Contents

EnglishEdit

EtymologyEdit

Ultimately from the Latin tendere / tendō.

PronunciationEdit

NounEdit

tendency ‎(plural tendencies)

  1. A likelihood of behaving in a particular way or going in a particular direction; a tending toward.
    Denim has a tendency to fade.
  2. (politics) An organised unit or faction within a larger political organisation.
    • 1974, James Boggs, Grace Lee Boggs, Revolution and Evolution, NYU Press (ISBN 9780853453536), page 134
      Mao launched the struggle against the vulgar materialist tendency within the party as early as 1937.
    • 1997, S. Onslow, Backbench Debate within the Conservative Party and its Influence on British Foreign Policy, 1948-57, Springer (ISBN 9780230378940), page 234
      In stark contrast to the Europeanist tendency within the party and the Suez Group, this group had a short history.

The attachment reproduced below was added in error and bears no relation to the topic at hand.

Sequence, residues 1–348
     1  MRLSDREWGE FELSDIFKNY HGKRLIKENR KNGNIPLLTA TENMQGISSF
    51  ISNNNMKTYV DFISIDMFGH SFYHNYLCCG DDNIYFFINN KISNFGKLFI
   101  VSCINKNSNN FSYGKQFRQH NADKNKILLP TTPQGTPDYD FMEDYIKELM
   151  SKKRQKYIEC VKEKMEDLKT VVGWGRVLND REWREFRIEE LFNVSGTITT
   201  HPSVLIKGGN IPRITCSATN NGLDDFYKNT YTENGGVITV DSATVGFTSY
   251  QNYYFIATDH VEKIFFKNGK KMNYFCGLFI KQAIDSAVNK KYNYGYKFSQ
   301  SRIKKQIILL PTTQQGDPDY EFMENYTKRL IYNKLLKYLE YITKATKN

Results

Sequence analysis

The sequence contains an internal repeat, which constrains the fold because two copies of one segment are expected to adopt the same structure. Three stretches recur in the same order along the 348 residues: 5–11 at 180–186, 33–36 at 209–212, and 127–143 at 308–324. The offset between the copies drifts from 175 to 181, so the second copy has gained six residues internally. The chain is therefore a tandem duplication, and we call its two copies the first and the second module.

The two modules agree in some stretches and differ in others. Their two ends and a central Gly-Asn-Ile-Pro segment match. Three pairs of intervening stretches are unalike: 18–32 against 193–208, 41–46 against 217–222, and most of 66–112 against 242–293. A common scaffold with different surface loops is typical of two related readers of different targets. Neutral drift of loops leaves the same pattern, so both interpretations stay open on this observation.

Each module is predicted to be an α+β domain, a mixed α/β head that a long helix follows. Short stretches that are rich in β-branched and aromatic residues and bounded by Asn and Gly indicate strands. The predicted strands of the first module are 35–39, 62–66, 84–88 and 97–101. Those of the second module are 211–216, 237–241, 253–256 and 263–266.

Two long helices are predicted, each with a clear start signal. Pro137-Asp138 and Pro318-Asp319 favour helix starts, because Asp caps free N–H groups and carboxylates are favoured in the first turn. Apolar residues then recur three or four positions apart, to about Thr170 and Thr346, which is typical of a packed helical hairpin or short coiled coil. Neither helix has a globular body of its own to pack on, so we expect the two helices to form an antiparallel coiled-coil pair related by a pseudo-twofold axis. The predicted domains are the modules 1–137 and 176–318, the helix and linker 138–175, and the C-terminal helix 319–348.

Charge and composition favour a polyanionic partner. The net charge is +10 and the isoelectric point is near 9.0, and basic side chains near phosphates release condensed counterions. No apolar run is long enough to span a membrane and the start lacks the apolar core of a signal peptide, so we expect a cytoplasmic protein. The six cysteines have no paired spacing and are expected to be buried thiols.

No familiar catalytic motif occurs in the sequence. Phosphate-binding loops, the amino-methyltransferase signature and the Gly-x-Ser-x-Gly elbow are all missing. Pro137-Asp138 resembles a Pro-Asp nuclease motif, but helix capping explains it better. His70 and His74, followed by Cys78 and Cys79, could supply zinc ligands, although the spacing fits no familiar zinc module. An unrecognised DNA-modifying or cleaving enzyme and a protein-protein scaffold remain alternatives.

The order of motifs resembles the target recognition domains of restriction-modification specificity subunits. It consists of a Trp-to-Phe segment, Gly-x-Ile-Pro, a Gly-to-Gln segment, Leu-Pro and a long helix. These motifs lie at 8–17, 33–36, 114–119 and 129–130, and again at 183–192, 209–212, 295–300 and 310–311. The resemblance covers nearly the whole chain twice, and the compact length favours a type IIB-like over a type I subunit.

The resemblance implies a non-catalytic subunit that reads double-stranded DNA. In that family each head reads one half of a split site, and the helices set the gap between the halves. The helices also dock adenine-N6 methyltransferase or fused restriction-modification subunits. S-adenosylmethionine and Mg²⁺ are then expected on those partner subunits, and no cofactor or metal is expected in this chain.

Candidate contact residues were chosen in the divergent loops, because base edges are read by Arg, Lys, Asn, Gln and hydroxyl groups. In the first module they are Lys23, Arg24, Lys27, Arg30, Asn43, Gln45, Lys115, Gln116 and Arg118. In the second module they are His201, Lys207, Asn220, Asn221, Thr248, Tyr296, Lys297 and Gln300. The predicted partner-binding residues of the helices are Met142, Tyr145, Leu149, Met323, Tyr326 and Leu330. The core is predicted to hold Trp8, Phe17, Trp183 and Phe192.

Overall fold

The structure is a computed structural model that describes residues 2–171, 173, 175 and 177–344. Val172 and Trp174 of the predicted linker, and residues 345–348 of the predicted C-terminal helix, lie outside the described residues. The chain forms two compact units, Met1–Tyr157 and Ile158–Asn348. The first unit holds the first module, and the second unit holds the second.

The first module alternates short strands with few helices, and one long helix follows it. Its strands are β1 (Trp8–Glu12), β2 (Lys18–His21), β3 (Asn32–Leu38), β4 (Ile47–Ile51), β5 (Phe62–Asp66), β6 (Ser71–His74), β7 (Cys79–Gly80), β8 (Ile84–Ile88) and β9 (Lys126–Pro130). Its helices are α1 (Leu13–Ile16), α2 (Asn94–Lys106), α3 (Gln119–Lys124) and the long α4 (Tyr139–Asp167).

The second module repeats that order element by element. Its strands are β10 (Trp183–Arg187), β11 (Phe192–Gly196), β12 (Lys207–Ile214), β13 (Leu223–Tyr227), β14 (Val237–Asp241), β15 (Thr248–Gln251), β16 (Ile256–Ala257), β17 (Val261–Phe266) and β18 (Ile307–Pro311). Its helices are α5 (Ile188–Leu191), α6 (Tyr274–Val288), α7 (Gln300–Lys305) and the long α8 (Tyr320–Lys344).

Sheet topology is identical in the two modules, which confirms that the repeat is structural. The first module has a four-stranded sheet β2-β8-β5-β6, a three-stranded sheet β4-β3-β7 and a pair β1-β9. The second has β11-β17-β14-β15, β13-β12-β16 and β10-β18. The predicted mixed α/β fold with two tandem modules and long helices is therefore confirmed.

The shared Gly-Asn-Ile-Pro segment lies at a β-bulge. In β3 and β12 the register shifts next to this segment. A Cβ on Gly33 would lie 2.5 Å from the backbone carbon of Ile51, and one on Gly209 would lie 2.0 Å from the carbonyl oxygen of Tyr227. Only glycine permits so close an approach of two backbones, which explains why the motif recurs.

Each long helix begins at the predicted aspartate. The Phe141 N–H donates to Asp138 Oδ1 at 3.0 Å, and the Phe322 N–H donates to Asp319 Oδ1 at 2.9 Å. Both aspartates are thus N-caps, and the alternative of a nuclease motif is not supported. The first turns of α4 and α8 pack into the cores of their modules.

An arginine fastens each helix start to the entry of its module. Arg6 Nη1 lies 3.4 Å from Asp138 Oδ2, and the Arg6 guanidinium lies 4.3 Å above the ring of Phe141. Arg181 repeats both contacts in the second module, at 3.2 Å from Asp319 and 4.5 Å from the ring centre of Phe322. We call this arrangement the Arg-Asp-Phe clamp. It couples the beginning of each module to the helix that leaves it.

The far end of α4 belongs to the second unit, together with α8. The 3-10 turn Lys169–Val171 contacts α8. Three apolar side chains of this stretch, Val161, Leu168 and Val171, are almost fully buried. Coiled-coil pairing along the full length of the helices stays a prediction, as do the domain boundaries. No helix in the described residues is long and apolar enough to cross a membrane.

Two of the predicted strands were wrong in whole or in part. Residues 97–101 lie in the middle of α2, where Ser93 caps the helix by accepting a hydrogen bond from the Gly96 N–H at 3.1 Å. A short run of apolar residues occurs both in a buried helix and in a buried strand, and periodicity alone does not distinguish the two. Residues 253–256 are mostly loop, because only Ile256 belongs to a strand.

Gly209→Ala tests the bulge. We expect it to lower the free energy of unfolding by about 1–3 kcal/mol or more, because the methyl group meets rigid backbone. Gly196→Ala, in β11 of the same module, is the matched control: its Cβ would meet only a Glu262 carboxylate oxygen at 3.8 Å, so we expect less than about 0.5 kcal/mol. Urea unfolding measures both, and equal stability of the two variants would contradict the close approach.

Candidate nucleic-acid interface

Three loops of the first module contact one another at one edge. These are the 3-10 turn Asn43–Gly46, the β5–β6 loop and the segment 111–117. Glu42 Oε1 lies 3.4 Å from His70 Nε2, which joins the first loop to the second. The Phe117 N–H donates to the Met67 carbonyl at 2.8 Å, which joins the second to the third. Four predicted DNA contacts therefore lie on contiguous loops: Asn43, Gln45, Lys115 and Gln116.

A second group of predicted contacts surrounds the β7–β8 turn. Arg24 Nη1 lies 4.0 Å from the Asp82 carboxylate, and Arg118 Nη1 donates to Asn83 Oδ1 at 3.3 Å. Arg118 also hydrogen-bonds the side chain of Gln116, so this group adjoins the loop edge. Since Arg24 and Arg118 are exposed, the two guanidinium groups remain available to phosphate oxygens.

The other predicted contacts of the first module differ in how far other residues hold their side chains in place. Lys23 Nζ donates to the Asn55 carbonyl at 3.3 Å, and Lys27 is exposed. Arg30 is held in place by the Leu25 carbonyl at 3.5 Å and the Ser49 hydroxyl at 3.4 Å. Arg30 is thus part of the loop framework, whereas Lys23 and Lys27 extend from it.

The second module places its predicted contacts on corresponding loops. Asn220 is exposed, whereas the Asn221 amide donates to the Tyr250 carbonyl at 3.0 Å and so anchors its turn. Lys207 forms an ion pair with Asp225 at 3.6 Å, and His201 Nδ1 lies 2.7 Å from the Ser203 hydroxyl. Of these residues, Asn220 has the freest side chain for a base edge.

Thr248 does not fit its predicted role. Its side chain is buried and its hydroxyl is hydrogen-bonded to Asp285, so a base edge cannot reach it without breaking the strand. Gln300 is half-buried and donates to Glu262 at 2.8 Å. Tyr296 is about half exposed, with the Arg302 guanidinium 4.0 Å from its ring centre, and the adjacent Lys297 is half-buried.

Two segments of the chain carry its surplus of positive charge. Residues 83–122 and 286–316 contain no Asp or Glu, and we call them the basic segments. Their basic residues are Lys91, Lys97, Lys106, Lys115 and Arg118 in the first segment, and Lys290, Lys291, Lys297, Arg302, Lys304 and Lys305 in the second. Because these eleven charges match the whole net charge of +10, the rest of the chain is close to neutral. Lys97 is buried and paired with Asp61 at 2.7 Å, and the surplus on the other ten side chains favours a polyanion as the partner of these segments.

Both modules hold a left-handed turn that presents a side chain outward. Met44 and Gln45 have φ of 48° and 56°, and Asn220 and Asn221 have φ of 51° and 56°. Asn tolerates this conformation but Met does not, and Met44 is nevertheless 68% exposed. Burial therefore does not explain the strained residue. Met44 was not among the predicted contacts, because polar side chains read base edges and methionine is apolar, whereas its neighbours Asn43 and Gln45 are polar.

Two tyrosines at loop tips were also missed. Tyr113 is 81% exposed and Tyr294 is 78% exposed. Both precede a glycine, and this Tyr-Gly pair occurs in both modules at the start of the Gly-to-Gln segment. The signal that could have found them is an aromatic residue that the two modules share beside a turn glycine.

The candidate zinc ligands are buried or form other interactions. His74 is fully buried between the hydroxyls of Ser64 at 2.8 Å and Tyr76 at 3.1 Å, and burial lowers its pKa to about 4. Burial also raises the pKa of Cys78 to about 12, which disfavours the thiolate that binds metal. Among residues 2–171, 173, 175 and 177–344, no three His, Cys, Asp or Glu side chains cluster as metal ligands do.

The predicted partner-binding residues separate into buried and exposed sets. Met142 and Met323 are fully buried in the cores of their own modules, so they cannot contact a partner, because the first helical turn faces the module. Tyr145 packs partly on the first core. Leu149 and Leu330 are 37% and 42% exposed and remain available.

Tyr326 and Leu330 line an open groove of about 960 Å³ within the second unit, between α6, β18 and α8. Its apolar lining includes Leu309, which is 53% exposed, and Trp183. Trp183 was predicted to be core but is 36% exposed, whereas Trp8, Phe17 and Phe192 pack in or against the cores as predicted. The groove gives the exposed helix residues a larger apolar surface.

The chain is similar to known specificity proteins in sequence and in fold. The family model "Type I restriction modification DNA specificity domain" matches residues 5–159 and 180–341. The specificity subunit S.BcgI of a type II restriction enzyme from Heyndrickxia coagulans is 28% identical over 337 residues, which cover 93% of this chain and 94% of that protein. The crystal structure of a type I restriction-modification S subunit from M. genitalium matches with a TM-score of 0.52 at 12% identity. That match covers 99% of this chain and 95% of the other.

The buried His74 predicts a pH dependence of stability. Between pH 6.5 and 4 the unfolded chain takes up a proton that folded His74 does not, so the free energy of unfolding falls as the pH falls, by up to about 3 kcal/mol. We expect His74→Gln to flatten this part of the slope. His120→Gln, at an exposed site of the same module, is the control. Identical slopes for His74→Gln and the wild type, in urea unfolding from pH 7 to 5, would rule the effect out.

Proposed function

• 2013, Richard Gillespie, Lourdes Lopez Nieto, Michael Waller, Factional Politics and Democratization, Routledge (ISBN 9781135243463), page 83
      It reinforced the position of the conformist tendency within the party, since the majority of the candidates were old politicians, many of them members of Papandreou's centre-left CU faction back in the mid-1960s.

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